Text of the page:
May 2007
Volume 48, Issue 13
Free
ARVO Annual Meeting Abstract  |   May 2007
A Conceptual Model of Human Blur Sensitivity
Author Affiliations & Notes
  • B. Wang
    Vision Sciences, SUNY College of Optometry, New York, New York
  • K. J. Ciuffreda
    Vision Sciences, SUNY College of Optometry, New York, New York
  • B. Vasudevan
    Vision Sciences, SUNY College of Optometry, New York, New York
  • Footnotes
    Commercial Relationships B. Wang, None; K.J. Ciuffreda, None; B. Vasudevan, None.
  • Footnotes
    Support NIH grant T35-EY07079-17 and the Minnie Flaura Turner Memorial Fund for Impaired Vision Research
Investigative Ophthalmology & Visual Science May 2007, Vol.48, 1010. doi:
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      B. Wang, K. J. Ciuffreda, B. Vasudevan; A Conceptual Model of Human Blur Sensitivity. Invest. Ophthalmol. Vis. Sci. 2007;48(13):1010.

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      © ARVO (1962-2015); The Authors (2016-present)

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Abstract

Purpose:: In previous laboratory studies, human blur detection (depth-of-focus; DOF) and blur discrimination (equiblur zone) thresholds were investigated in the foveal, near peripheral (≤8º), and far peripheral retina (up to 50º). Based on these findings, an empirically-derived, conceptual model of blur sensitivity to retinal defocus has been developed, with basic and clinical implications.

Methods:: The relationship between blur perception and retinal defocus was quantified dioptrically in depth (0-5 D) at the fovea, as well as across the peripheral retina, in two- and three-dimensional visual space. Point-wise linear regression was performed to fit the observed data for both the blur detection thresholds and multiple blur discrimination thresholds across the near retinal periphery. Non-linear regression was used to characterize the DOF (zone of clarity) at the fovea, as well as across the retinal periphery up to 50º.

Results:: .The equiblur zones increased in proportion to the magnitude of the DOF in the near retinal periphery, with a ratio of approximately 0.6. Linear regression equations, y=0.61+0.09x and y=0.33+0.05x, were found to describe the blur detection thresholds and mean blur discrimination thresholds, respectively, at the fovea and across the near retinal periphery. An exponential curve described the DOF at the fovea, as well as the near and far retinal periphery: y=6.83-6.08e-x/12.2. The overall pattern of retinal defocus was analyzed for both far (0.16D) and near (2.5D) viewing conditions, and it was found to change from predominantly myopic-defocus to predominantly hyperopic-defocus as the target shifted from far to near. In addition, a two-dimensonal dioptric schematic representation of the blur-free region was depicted for a near viewing condition (2.5 D), under which the total DOF encompassed the dioptric region from 0 to 5 D once retinal eccentricity reached 15º and beyond. Lastly, the dynamic nature of blur perception was demonstrated following blur adaptation and for an extended target.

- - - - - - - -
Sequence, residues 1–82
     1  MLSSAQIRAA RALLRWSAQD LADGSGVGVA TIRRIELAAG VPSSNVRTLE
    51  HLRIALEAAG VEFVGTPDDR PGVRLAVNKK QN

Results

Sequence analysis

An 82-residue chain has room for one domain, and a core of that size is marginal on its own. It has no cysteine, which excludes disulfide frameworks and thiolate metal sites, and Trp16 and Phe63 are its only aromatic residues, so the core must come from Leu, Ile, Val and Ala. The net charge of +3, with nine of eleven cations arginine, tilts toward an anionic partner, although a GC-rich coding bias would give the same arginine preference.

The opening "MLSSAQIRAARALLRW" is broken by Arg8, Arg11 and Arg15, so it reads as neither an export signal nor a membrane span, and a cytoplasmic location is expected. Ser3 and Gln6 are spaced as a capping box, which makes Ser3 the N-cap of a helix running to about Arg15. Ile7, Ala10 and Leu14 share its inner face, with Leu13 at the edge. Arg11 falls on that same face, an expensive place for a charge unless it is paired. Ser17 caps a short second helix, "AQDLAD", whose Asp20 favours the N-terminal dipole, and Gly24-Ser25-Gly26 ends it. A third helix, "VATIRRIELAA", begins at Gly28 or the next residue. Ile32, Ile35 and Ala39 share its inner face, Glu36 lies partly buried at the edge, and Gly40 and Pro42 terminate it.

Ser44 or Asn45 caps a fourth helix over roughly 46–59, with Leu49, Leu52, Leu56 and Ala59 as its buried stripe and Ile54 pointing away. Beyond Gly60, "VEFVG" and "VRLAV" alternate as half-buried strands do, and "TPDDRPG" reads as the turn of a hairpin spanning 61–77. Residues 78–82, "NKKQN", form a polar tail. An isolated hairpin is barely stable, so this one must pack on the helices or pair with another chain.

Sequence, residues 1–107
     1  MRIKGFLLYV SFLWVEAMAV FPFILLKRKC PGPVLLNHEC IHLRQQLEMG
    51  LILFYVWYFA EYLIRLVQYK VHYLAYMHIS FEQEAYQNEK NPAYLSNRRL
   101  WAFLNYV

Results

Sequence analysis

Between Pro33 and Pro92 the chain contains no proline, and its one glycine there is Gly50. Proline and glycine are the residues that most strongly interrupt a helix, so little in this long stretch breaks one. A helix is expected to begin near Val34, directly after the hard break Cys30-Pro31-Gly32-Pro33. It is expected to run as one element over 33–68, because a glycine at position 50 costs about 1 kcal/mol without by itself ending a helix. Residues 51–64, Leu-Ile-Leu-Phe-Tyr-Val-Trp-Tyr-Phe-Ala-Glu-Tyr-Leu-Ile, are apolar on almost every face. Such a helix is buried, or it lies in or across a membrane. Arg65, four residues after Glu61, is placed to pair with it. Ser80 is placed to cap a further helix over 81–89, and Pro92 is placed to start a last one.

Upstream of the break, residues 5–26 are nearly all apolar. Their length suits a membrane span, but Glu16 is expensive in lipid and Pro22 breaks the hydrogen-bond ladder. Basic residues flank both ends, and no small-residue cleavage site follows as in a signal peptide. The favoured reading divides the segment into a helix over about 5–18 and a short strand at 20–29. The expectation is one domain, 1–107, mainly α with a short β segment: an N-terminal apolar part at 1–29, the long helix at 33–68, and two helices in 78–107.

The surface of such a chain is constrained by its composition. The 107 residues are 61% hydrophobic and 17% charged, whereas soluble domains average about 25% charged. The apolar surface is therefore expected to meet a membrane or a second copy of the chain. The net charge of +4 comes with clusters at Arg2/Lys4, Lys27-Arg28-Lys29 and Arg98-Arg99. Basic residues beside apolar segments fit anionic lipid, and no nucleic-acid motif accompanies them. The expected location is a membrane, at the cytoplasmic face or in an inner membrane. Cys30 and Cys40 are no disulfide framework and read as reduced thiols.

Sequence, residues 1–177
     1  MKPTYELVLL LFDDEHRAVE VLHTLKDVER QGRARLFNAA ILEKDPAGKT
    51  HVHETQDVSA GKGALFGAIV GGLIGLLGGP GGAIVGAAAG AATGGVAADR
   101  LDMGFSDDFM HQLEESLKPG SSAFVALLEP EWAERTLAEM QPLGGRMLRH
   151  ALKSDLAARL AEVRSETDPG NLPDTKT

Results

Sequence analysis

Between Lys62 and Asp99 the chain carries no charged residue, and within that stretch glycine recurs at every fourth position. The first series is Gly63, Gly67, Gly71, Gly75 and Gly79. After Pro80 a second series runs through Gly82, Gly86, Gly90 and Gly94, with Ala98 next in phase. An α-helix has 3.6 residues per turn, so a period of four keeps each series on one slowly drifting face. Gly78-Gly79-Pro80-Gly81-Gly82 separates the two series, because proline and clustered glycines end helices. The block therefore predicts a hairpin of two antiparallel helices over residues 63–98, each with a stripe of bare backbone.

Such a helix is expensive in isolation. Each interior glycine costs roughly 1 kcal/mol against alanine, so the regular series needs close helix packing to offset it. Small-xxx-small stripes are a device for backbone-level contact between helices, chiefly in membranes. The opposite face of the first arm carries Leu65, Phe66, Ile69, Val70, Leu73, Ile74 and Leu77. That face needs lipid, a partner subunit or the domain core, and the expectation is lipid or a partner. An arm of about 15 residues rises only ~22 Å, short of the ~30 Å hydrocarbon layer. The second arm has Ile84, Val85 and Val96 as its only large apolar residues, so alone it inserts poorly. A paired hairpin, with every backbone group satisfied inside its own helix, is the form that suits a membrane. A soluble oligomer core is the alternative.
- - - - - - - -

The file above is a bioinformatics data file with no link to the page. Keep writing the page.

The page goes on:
Conclusions:: This conceptual model has implications with respect to accommodative control, depth perception, and refractive error development. (1) All earlier bioengineering models of accommodation incorporated a static DOF element limited to the fovea. The new model results showed the DOF and retinal defocus patterns to be dynamic and furthermore to be influenced by the fovea, as well as the near and far peripheral retina. (2) Retinal defocus blur thresholds may provide information related to the depth of objects across the visual field. (3) Differences in retinal defocus patterns under far and near viewing conditions may provide insight into myopia progression.

Keywords: depth • adaptation: blur • perception 
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